I began talking in my last post about how feelings around fear and anxiety can be pretty unnerving, even terrifying as we experience them.  I also discussed how much those feelings can drive our behavior, even if we’re not aware of it.  Finally, I reviewed the thinking of Albert Ellis, and how he contends that feelings spring from our thinking, conscious or otherwise.

I repeat all of this because these three understandings are crucial to being able to shake free of the tyranny of our feelings.  And isn’t it a kind of tyranny, having your life shut down or restricted because of scary feelings?   It often comes down to exactly that – there is something that frightens us, and we retreat from it because of how that feels.  People can become scared of just about anything –

Clowns.  Classic example.  People who are otherwise completely rational will freeze up, start stuttering, break into tears, leave the room or start shouting incoherently when they are confronted by clowns.  Or how about reptiles?  Sure, there are dangerous reptiles – and most of us never get within 100 miles of them.  Normally lucid folks will go into a panic when a 4-inch Bluebelly shows up on their patio. 

The list is literally endless.  Public speaking, crowds, roller-coasters, planes, rabbits, cats, dogs, night-time, eating in public, dancing, making simple mistakes, asking someone out, you name it, multiple people are afraid of it.  Logic doesn’t have anything to do with why, any more than the actual risk involved in these things.  Sure, you could die in a plane crash – but you’re more likely to get killed in a car crash.  So why are you not terrified of driving to the store?

The Thoughts that Lurk Behind the Feelings

We’re afraid of WHATEVER we’re afraid of because of what we think about it.  Let me repeat that the thoughts that are scaring us don’t have to be conscious.  Not at all.  We are generally unaware of an enormous amount of what is running through our minds at any given moment.  Just try doing 20 minutes of meditation and see just how much chatter (what people who do things like meditation often call “monkey-mind”) runs through your skull.

So we can have feelings lurch out of the blue at us and be caught completely flat-footed.  It has happened to you, hasn’t it?  You were standing there at the taco stand, feeling fine on a weekend day, off work and minding your own business, when suddenly you were sad.  Or maybe you got angry.  Or maybe you felt overwhelmed.  And for the life of you (in that moment) you didn’t know why.  But the why is simple – you had a thought.  Or a series of thoughts.  They zipped through your brain in a matter of moments, and you had feelings in response to those thoughts.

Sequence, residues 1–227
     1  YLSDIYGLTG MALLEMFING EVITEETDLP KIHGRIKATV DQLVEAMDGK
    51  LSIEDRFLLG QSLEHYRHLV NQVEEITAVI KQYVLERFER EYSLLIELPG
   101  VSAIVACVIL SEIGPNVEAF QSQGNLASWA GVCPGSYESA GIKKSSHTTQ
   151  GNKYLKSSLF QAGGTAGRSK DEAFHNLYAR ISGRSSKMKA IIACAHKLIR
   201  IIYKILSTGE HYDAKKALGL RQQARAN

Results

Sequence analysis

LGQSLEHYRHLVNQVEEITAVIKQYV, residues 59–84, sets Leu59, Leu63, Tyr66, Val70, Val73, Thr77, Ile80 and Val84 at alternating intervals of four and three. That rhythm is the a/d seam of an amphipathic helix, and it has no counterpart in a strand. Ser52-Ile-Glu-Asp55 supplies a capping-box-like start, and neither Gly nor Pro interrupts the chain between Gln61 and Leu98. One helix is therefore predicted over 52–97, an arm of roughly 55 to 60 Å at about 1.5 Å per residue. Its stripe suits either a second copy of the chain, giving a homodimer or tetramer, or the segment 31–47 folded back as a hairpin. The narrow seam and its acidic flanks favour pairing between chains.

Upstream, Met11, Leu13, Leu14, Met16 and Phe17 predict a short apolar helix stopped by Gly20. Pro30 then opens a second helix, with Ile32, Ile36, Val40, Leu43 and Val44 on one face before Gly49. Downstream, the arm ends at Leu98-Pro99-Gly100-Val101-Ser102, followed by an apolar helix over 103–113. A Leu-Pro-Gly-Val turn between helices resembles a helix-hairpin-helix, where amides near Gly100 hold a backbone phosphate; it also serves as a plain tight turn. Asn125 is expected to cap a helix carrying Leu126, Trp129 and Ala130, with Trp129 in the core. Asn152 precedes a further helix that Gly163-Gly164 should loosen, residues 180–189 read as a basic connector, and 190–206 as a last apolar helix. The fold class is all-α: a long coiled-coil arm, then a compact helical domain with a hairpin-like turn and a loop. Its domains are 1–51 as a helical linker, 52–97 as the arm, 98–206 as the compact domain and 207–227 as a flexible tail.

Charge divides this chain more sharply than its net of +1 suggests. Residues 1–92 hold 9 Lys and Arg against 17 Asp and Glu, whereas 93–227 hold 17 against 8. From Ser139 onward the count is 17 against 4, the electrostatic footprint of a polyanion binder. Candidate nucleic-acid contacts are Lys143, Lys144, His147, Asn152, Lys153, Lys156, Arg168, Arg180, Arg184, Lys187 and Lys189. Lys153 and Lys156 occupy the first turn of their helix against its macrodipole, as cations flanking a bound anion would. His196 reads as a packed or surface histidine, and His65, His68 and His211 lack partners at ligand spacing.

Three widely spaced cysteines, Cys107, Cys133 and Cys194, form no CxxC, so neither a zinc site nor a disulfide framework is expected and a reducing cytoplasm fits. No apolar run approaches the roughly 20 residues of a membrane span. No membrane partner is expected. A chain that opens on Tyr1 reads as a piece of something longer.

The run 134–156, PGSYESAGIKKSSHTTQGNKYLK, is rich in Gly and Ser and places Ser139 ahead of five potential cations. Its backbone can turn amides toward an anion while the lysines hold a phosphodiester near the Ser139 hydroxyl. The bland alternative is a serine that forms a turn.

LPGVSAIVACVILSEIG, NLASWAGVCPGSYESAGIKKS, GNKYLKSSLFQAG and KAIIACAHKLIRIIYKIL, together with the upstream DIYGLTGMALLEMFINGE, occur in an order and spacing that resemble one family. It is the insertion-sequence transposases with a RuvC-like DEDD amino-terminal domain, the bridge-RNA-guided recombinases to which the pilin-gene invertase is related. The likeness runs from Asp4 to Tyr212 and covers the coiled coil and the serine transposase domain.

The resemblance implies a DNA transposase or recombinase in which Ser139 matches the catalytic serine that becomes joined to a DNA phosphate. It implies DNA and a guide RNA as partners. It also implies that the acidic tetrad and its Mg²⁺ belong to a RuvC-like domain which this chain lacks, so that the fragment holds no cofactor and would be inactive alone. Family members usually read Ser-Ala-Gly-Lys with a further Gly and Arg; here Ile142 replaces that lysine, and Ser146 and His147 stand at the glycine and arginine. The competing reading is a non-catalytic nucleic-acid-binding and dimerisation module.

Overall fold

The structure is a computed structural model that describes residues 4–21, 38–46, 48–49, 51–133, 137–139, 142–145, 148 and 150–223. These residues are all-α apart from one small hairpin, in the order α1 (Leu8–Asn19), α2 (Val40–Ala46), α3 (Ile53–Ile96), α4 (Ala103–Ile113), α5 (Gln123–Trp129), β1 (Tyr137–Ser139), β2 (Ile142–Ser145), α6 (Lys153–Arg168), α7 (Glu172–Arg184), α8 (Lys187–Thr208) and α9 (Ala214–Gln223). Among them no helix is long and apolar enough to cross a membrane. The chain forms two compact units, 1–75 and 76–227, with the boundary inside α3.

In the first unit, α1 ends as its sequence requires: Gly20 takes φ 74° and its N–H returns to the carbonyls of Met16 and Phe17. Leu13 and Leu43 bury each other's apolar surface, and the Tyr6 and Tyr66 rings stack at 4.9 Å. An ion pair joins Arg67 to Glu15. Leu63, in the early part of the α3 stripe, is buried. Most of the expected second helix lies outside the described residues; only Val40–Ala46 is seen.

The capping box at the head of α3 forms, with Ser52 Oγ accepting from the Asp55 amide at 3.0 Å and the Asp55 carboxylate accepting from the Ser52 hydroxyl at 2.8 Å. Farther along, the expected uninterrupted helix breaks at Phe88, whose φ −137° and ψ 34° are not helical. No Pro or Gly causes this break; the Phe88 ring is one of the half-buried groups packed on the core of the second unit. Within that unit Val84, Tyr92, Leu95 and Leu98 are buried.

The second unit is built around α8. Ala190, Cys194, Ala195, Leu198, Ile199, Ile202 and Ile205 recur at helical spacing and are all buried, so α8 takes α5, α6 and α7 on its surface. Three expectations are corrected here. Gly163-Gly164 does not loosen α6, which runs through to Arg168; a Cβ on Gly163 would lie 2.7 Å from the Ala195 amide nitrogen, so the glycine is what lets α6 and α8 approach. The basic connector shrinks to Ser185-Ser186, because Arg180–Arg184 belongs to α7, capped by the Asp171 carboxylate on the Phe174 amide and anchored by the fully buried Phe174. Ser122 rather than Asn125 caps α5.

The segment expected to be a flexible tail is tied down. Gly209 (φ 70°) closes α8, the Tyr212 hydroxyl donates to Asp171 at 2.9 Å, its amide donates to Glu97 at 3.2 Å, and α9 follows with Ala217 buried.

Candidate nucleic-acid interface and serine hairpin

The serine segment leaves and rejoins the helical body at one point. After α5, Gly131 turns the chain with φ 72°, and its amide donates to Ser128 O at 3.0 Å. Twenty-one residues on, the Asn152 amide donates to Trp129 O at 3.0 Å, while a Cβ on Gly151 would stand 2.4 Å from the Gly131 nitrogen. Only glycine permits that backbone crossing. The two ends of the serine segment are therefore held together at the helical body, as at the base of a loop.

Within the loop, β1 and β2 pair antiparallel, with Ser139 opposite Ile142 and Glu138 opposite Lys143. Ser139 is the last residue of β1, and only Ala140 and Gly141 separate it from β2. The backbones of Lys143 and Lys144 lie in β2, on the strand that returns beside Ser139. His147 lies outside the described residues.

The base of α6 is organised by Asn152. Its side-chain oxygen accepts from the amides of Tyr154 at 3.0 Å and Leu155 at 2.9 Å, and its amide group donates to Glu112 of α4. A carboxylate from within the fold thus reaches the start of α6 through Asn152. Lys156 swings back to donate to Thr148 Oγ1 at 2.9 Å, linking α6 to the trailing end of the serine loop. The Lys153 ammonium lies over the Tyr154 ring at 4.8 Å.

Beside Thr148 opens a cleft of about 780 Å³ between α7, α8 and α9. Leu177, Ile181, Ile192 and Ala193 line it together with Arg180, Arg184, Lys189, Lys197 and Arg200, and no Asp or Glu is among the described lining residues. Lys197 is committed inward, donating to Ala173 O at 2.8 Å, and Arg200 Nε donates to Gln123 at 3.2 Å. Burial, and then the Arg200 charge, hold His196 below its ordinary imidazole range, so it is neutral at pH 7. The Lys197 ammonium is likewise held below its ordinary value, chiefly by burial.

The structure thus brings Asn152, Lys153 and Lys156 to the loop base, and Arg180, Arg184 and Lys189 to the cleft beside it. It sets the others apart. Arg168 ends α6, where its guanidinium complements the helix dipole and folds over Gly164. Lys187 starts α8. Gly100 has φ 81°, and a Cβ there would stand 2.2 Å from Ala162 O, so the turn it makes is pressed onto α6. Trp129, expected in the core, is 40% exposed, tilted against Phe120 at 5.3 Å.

What did you think?  Maybe you remembered that Monday your boss is back from vacation.  Or perhaps you flashed on the taxes you have yet to do.  It might be that you smelled his cologne, that knuckle-head that broke your heart, and you’re back in that ugly break-up.  If it triggers a sense of fear or anxiety then you’re bumping into your Comfort Zone, and that in turn has fired up your Flight or Fight Response to some extent.  And now you’re having feelings that are trying to get you AWAY from this scary thing…

Worse, you are suddenly reacting to those feelings.  You had plans to eat three tacos and gulp a cold beer, but now the day has turned gray, so you head home, sad or mad or overwhelmed.  Or you snap at your wife, who only asked if you wanted hot sauce, because of the rush of feelings in your body.  Or you leave your friends because you “just want to be alone.”  Sure you do – you don’t feel real good right now.  And all of it started with some thinking…

“Fly, You Fools!”  (Lord of the Rings Quote)

You want to be alone, or you snap, or you go home, because the Flight or Fight Response has fired up.  You want to, literally, run away.  That’s what Flight or Fight knows to do when you’re afraid – run first.  We only fight when we HAVE to.  As said a number of times in this blog that just makes good survival sense, from an evolutionary perspective.  As my Dad is fond of saying, “if you won’t leave me alone, I’ll go away and find someone who will.”  That’s the creedo of Flight or Fight.

So we’re in motion, or reacting, and we’re too often only aware of the feelings that are driving our reaction.  Note the word reaction – that’s the key here.   We’re reacting because we FEEL bad, or sad, or overwhelmed. 

But running isn’t solving anything.  It can’t, not in this situation.  When we react to our feelings and step away from what is making us uncomfortable the last thing we’re doing is dealing with our fears/anxieties.  The hard but honest truth is that at some point we MUST turn and face into the thinking that is scaring us, making us afraid – we have to, because it is the only way we’re going to master those fears and get that portion of our life back.